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Battery Day 2020: The Many Electrifying Promises of Tesla

Abhinav Raj

Abhinav Raj, Writer

Musk announced a $25,000 Tesla, six times more powerful cells, and an all-new Model S Plaid on its ‘Battery Day’ event

In the next three years, you may drive home… well, a Tesla may drive itself to your home for $25,000.  

The automotive industry gears itself up for a shock this time of the year, and for good reason. 

Silicon Valley automaker Tesla had some big announcements to make at the firm’s Battery Day event, and CEO Elon Musk did not disappoint the socially-distanced congregation of shareholders in parked cars. 

Here are the five most riveting announcements made that have captivated automotive enthusiasts, or at least, their Twitter accounts.

New ‘Tabless’ Batteries to Amp Electric Vehicles

Tesla’s new ‘tabless’ batteries. (Image: Tesla)

Tesla’s new ‘tabless’ batteries have the potential to zap fuel-based vehicles (though not literally). 

Five times more energy-dense and six times as powerful, the new cells amount to a 16% increase in the range of the Tesla electric vehicles and are expected to significantly reduce the cost per kilowatt-hour.

The Silicon Valley automaker plans to eventually bring the production of batteries in-house, which will subsequently reduce costs, allowing electric vehicles to compete head-to-head against its gasoline counterparts.

Model S Plaid Charging Into the EV Market

A cruising Tesla Model S. (Image: Tesla)

A new variant of the Model S equipped with a more powerful powertrain, the Tesla Model S Plaid boasts of a phenomenal performance upgrade seldom seen in the EV industry. 

The Model S Plaid’s fierce new powertrain can produce 1,100 horsepower, allowing the electric car to accelerate from 0 to a whopping 60 miles per hour (96.5 km/h) in less than 2 seconds, with a top speed of 200 miles per hour (321 km/h).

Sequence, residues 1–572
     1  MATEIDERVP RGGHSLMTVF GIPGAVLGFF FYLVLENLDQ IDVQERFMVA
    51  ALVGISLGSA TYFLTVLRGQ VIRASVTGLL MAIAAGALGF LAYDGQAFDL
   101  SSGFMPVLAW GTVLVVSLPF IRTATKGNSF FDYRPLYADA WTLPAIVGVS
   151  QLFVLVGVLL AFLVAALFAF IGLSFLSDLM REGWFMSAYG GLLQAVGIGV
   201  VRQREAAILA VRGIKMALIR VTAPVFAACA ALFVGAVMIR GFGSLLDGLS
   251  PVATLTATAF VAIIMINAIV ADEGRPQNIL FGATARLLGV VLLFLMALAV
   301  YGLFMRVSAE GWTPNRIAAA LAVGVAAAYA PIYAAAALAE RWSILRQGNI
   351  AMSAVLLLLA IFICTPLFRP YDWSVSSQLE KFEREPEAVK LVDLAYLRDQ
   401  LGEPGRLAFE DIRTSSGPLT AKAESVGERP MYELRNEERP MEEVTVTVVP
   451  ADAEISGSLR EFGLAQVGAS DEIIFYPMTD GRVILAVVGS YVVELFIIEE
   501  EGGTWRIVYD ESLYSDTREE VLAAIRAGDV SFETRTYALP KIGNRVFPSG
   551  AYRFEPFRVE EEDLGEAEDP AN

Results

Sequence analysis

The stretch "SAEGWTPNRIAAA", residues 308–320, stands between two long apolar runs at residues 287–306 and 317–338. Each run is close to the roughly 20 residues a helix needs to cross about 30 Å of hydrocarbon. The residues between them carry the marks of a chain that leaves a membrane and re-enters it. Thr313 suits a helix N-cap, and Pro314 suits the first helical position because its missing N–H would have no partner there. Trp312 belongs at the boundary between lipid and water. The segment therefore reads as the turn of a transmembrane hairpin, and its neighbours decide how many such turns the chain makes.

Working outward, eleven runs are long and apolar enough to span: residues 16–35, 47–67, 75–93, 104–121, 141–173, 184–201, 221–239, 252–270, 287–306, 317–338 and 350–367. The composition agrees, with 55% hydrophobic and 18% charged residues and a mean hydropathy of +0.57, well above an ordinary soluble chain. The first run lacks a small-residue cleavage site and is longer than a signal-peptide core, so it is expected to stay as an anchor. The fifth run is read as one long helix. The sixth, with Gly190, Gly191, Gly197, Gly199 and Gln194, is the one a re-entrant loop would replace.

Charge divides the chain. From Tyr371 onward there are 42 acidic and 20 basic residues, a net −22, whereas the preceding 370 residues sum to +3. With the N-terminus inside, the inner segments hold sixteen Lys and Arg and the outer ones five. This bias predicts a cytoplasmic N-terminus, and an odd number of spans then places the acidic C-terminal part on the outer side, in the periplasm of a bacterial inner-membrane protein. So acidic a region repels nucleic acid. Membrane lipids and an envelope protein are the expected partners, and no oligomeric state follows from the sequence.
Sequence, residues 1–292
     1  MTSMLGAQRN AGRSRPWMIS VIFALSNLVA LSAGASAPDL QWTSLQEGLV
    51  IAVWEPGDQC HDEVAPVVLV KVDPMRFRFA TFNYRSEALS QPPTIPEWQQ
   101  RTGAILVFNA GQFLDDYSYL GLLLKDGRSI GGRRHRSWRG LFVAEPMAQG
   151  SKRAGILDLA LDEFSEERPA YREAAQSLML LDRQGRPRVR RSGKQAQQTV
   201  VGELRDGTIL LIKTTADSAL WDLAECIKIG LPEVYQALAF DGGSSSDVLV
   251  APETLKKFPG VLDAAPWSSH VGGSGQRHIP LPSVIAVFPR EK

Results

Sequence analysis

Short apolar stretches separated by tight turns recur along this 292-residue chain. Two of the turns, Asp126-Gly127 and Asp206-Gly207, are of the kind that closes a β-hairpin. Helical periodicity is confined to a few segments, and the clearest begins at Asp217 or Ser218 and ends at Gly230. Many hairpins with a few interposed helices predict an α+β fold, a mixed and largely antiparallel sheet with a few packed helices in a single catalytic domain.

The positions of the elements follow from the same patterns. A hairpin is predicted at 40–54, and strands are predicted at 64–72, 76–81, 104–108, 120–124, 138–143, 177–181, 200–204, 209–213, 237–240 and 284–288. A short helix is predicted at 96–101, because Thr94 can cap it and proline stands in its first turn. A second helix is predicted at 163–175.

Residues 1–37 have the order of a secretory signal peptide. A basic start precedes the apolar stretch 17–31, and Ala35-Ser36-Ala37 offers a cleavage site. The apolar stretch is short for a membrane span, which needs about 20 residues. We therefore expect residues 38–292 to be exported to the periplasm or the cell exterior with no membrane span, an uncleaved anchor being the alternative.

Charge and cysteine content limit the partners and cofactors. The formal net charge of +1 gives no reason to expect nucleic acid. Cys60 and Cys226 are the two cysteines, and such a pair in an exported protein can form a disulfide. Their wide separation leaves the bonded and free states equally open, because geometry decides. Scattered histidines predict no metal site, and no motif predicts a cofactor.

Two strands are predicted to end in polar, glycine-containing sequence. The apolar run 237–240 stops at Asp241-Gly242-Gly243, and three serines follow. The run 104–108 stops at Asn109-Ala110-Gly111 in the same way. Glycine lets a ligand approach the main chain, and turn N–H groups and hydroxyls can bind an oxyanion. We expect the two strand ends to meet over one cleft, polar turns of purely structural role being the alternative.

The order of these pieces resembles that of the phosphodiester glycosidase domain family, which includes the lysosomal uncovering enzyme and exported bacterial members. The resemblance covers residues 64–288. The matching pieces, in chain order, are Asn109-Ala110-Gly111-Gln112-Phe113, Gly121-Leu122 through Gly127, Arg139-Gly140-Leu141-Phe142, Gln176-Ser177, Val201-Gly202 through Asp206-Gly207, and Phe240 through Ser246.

The all-wheel-drive flagship sedan will provide a mileage of 520 miles on a single charge. The Model S Plaid will go into production late 2021 and be available for $139,990.

Less Cobalt to Hit the Asphalt

We’re no strangers to the fact that the conditions surrounding cobalt mining are riddled with human rights violations. Cobalt mining not only poses serious short-term and long-term risks on the health of creuseurs but also produces radioactive by-products or toxic fallout, polluting rivers and drinkable water

Musk intends to eliminate the use of cobalt in the production of cathodes entirely. 

It is speculated that Tesla will opt for more economical metals such as manganese and nickel in a future ‘cobalt-free’ battery.

Bringing Cathode Plants Closer to Home

Tesla plans to build a cathode factory in North America. (Image: Tesla/Screenshot)

Tesla is planning its debut into the mining business, as the company will soon build a cathode plant to reduce supply chain costs for battery production. 

“We’re gonna go and start building our own cathode facility in North America and leveraging all of the North American resources that exist for nickel and lithium, and just doing that just localizing our cathode supply chain and production, we can reduce miles traveled by all the materials that end up in the cathode by 80%,” said Senior Vice President of Powertrain and Energy Engineering at Tesla, Andrew Baglino.

The $25,000 Showstopper

A white Tesla Model 3. (Image: Unsplash)

Intriguingly enough, the star of the show, the $25,000 Tesla did not make an appearance at the Battery Day and the nitty-gritties of it remain shrouded in mystery for now. 

According to Musk, the 25-grand Tesla would be capable of driving fully autonomously. 

With Tesla moving battery production in-house and dramatically reducing the cost per kilowatt-hour through its proprietary ‘tabless’ battery cells, the economic Tesla variant doesn’t seem like an impossible feat to achieve in the next 3 years. 

In a nut-cell, there’s a lot coming up in the EV market, and we’re planning on staying tuned.

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